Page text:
Sarah Singer, a senior negotiator at Caxtons Chartered Surveyors, has been awarded the Best Letting Agent in Gillingham by allAgents in their 2017 People's Award for Customer Experience.

allAgents.co.uk is the UK's largest customer review website for the property industry where clients rate their letting agent depending upon the level of service they receive. Reviews comprise an overall ranking for the agency; responder's comments; agent's fees and the name of the negotiator that handled the transaction. allAgents then use the information when judging their annual awards.

Caxtons is delighted that Sarah has been rewarded in this way. Alan Stewart, Director & Head of Residential Lettings

& Property Management said that he is not at all surprised Sarah has received this accolade as she always goes out of her way to ensure that clients are provided with the best possible service.

 

Sarah Singer Sarah Singer

AllAgents Award

In 2012, Building Cost Information Service (BCIS) conducted research into under-insurance in commercial property. Results confirm that despite regular reminders, as many as 80% of commercial buildings are still under-insured.

Coinciding with the launch of BCIS's commercial property rebuilding calculator, this was a stark reminder that if shortfalls in reinstatement claims are to be avoided, regular reassessment of property value is vital.

Morag Keohane, Caxtons' insurance manager, says: "Unfortunately too many property owners rely on the building value to be index linked and allow the value to go unchecked year on year.

"We also see many purchasers relying on the value the vendor insured the property for without confirming if this is correct, or adopting the asset value as the reinstatement cost.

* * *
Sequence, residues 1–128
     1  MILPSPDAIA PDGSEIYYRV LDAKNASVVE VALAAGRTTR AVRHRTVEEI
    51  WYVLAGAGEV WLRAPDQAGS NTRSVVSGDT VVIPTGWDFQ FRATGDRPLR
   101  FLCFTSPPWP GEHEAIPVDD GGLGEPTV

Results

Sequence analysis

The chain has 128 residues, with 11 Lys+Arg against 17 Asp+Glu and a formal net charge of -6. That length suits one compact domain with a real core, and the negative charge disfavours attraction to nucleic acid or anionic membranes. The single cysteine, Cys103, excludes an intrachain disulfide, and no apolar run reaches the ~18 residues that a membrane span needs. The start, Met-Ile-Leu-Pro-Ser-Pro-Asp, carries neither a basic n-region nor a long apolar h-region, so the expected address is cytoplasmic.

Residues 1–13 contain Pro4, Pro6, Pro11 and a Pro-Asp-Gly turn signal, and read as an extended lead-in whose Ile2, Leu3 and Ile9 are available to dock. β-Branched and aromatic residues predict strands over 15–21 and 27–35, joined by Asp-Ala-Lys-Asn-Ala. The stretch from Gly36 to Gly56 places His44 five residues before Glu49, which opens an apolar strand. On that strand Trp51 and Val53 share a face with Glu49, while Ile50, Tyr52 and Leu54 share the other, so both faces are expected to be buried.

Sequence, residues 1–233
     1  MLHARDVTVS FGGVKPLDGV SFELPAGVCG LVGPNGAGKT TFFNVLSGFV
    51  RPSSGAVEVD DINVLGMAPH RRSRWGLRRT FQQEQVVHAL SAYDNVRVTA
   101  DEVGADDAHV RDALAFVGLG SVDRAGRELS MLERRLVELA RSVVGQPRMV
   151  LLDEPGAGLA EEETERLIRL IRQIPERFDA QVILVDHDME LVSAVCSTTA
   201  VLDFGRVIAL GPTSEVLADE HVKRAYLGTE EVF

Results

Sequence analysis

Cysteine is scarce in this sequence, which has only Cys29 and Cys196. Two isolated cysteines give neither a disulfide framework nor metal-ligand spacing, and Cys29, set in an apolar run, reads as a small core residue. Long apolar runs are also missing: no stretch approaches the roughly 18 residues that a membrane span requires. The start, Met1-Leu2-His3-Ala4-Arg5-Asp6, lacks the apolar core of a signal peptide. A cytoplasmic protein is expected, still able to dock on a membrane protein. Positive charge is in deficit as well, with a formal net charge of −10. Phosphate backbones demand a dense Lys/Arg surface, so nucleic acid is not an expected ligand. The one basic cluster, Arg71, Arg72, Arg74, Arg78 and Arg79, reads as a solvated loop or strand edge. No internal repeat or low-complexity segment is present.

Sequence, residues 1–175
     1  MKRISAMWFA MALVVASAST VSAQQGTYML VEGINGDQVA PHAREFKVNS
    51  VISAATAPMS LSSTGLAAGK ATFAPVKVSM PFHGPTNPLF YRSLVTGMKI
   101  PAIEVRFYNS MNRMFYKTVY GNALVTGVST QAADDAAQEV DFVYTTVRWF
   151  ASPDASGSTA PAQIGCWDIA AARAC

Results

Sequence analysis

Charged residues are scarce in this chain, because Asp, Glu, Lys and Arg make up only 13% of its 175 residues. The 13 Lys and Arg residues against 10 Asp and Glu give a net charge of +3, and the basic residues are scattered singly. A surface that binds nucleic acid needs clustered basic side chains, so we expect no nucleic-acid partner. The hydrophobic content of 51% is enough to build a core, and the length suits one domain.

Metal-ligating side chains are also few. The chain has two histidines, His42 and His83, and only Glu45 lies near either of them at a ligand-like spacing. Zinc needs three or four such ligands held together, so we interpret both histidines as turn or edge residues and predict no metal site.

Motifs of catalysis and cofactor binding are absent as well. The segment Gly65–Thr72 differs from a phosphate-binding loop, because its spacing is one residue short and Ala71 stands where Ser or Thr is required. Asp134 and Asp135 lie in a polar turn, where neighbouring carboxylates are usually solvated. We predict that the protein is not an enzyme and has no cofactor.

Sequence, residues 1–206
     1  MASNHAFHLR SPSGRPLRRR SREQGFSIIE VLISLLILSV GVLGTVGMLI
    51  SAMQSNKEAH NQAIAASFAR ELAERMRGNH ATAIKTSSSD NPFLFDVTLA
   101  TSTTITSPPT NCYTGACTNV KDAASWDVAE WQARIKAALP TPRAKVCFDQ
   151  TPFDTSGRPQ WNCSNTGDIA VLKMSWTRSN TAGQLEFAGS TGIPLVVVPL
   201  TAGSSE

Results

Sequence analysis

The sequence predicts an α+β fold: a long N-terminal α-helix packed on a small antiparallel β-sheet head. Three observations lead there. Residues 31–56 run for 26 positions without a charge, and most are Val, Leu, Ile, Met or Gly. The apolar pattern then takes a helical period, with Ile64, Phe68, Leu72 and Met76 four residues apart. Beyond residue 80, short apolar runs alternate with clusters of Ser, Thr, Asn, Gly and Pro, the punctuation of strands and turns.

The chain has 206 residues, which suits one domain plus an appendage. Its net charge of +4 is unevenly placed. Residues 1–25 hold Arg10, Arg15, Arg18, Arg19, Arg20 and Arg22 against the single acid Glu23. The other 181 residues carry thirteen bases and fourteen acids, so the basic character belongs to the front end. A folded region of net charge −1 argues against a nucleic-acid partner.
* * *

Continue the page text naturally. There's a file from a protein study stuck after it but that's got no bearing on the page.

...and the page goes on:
"This means that insurance companies will not have accurate details regarding the value of the building and any claims may therefore be subject to average if a property is under insured.

"Carrying out regular valuations is essential to ensure property owners are not left out-of-pocket should they need to make a claim in respect of their property."

The Royal Institution of Chartered Surveyors (RICS) recommends that a reinstatement cost assessment (RCA) should be carried out at a minimum of every three to five years. Property owners' insurance policies make it a policy condition that regular valuations are carried out by a RICS qualified surveyor, normally every three years, although this depends on the insurer.

In a recent on-line article published by RICS they said: "The Insurance Act, which came into force in August 2016, contains important changes, which those in the

property sector should be aware of. Insurers do not need to rely on their policy wordings to reduce the costs of claims as they will be able to proportionately reduce these due to non/inaccurate disclosures. Therefore, the duty to provide a fair presentation of risk should be given the utmost care and consideration to ensure that the property at risk is accurately presented to insurers to avoid any detrimental settlement adjustments."

There are two types of policy cover. A building can be insured on a 'reinstatement basis' where the amount of indemnification is determined by the cost of repair or reconstruction at the time of the loss rather than at the start of the insurance period. This means the sum insured at the start of the insurance year must include an adequate allowance for inflation both during the insurance period and during the rebuilding period, which may be longer.